Grenfell tower image

The Building Safety Act is a welcome recognition that making safe buildings is a highly skilled operation, says Hywel Davies of the Chartered Institution of Building Services Engineers

It is a tragedy that it took an incident of the scale and horror of the Grenfell Tower fire to trigger wholesale reform of the regulatory system for buildings.

The Building Safety Act is the most fundamental reform of the regulatory framework for the design and construction of all buildings in at least two generations. It introduces new requirements for the competence of designers and contractors on all projects, supplementing the existing Construction Design & Management (CDM) regulations.

A new and more rigorous regime for planning

The act creates a new Building Safety Regulator to oversee all aspects of the new regime. It also introduces a new and even more rigorous regime for the planning, design and construction of higher-risk buildings and extends the scope of the regulatory regime into the operational life of higher-risk residential buildings. The act also makes many changes to the building control system, in many cases changes that have been needed for years.

It is good to see the act recognise that it takes qualified, competent people to design safe, properly engineered buildings. The focus on competence, particularly of designers and contractors is welcomed by the Chartered Institution of Building Services Engineers (CIBSE).

In the UK, engineers are registered with the Engineering Council (ECUK), of which CIBSE is a member. To be registered as CEng, IEng or EngTech requires successful demonstration that the registrant satisfies the competence criteria set by ECUK in their discipline. The act is likely to increase the focus on Engineering Council registration as evidence of having the necessary knowledge, skills, experience and behaviours required in the new regime.

It should go without saying that those responsible for designing and building a structure whose failure can cause a significant loss of life should be properly qualified. But it is made clear in the act that clients must satisfy themselves that all those they employ are competent, individually and organisationally, to undertake the specific work that they are being appointed to do.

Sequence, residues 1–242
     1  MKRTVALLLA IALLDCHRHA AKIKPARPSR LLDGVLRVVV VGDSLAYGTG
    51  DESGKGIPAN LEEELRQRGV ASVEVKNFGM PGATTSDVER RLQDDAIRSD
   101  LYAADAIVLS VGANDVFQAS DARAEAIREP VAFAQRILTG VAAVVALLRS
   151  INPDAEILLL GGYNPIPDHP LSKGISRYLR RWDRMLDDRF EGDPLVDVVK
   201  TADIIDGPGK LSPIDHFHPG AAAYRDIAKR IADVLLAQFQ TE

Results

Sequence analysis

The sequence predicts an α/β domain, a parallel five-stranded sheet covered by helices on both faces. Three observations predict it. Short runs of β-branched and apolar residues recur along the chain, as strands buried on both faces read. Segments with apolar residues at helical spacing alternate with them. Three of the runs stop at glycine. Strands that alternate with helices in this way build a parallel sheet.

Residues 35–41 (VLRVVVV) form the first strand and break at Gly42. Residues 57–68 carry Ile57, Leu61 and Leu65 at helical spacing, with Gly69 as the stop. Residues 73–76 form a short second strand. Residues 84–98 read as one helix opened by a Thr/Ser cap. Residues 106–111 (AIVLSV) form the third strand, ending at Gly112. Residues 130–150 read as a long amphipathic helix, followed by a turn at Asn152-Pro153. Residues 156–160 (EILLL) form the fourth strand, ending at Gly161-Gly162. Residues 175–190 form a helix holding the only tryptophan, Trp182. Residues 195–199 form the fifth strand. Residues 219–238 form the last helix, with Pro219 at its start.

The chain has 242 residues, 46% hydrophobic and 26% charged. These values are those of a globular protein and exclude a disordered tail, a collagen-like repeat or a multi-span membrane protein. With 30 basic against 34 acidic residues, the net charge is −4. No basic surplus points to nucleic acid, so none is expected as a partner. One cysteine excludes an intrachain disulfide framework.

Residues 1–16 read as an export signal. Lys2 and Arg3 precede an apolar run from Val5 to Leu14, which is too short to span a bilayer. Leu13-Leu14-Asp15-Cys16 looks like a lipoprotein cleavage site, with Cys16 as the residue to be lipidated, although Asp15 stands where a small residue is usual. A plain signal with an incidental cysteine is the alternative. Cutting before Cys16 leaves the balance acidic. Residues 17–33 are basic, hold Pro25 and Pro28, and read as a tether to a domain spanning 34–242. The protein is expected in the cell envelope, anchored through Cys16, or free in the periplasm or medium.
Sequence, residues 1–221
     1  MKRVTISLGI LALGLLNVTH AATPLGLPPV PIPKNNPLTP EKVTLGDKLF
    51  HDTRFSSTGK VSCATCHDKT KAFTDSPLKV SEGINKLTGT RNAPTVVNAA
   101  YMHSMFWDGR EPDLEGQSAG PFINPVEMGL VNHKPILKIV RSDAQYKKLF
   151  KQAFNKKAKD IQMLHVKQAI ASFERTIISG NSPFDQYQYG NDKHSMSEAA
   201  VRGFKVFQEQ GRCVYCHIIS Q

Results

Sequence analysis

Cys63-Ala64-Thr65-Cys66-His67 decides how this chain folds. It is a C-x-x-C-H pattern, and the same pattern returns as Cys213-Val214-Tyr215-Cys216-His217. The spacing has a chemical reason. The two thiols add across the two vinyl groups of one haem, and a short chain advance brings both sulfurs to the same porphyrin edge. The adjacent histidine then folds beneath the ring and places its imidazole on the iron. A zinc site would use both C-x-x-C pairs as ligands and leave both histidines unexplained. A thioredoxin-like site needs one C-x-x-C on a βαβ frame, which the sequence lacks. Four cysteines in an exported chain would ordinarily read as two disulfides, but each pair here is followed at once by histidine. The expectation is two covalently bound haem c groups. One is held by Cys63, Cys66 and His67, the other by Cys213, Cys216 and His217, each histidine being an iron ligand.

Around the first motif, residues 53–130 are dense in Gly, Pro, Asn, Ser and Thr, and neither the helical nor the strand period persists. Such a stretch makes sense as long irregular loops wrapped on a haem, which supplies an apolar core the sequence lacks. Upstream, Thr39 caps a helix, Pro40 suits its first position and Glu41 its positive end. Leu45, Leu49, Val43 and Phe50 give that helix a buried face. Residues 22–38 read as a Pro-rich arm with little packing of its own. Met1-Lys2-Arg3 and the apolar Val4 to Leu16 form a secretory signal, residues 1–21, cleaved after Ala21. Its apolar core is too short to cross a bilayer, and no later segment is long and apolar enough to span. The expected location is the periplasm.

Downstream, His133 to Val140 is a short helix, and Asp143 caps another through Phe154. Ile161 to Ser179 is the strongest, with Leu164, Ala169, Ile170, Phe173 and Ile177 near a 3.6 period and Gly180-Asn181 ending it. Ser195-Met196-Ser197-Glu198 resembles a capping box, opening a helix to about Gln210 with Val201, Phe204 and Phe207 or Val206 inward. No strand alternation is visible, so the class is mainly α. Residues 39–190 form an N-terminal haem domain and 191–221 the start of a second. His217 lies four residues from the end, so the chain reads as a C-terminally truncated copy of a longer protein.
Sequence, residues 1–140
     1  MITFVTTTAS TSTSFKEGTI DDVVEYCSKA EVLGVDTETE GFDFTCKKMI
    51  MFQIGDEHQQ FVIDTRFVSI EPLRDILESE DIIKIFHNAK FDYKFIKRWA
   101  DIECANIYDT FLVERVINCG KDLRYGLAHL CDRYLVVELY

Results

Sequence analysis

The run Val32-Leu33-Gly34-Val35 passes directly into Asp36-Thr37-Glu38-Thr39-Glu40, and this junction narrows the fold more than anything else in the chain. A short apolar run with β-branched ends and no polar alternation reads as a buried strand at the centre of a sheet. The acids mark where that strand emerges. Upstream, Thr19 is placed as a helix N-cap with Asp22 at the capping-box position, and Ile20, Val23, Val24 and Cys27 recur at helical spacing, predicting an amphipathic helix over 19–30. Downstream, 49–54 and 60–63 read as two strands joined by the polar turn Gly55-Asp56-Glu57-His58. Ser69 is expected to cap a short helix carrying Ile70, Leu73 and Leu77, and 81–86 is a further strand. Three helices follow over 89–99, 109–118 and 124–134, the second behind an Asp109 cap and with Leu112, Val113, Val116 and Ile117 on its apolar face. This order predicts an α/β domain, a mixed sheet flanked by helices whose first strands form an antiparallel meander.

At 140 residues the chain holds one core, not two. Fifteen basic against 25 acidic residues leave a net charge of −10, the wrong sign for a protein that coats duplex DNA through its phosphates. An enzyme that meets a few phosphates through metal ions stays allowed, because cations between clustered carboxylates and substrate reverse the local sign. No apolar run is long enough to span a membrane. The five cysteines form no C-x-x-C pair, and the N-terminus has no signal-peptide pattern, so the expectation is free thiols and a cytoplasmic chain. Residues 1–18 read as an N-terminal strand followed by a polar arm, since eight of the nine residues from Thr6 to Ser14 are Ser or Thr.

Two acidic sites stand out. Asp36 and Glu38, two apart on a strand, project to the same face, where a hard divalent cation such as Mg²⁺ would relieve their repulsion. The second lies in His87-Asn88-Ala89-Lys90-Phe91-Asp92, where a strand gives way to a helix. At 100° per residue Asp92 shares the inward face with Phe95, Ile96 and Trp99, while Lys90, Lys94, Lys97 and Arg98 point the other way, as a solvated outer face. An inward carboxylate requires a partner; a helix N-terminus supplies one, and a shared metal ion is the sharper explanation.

The regulatory framework of the act will establish new duties and accountability for those responsible for the safety of higher-risk buildings, through three ‘gateway’ decision points during the planning and construction process.

At each gateway point for higher-risk buildings, the regulator will assess whether duty holders are properly considering building safety and meeting regulations. Gateway One came into effect on 1 August 2021. It mandates statutory consultation with the HSE and requires the developer to submit a fire statement setting out fire safety considerations specific to the development with a relevant full planning application.

Gateways Two and Three are expected to come into force in 2023. Gateway Two approval will be required before building work can start. It should mean that designs are going to have to be far more complete at an earlier stage in construction and any subsequent changes to the design, for example as a result of value engineering are very likely to need sign-off by the regulator, which could lead to significant delays.

Gateway Three approval will be required when building work is completed and will require the Golden Thread of information, which is “the information that allows [the building operator] to understand a building and the steps needed to keep both the building and people safe, now and in the future”.

The building control system will also be reformed under the act. In addition, there will be stronger regulatory powers for construction products with the benefit of a new market surveillance and enforcement regime led by the Office for Product Safety & Standards (OPSS).

The new regime will be enforced by the Building Safety Regulator and is backed by more stringent legal sanctions, including unlimited fines and imprisonment in some cases.

Regulation can only provide a basic safety net

Of course, it is a fact that regulation can provide only a basic safety net. In the end it is down to the industry to deliver higher quality outputs. The passage of the Building Safety Act marks a welcome beginning of the formal legislative reform of the building safety regime in England; this needs to be reflected in lasting cultural change in the construction industry. It is to be hoped that the act will start to drive a significant change in the culture of the industry.

Thirty years ago, the Piper Alpha disaster was the trigger for a radical cultural and safety reform in the offshore industry, the legacy of Grenfell must be that it is construction’s Piper Alpha.

 

Dr Hywel Davies

headshot of Hywel Davies

Technical director

Chartered Institution of Building Services Engineers

Tel: +44 (0)20 8675 5211

www.cibse.org

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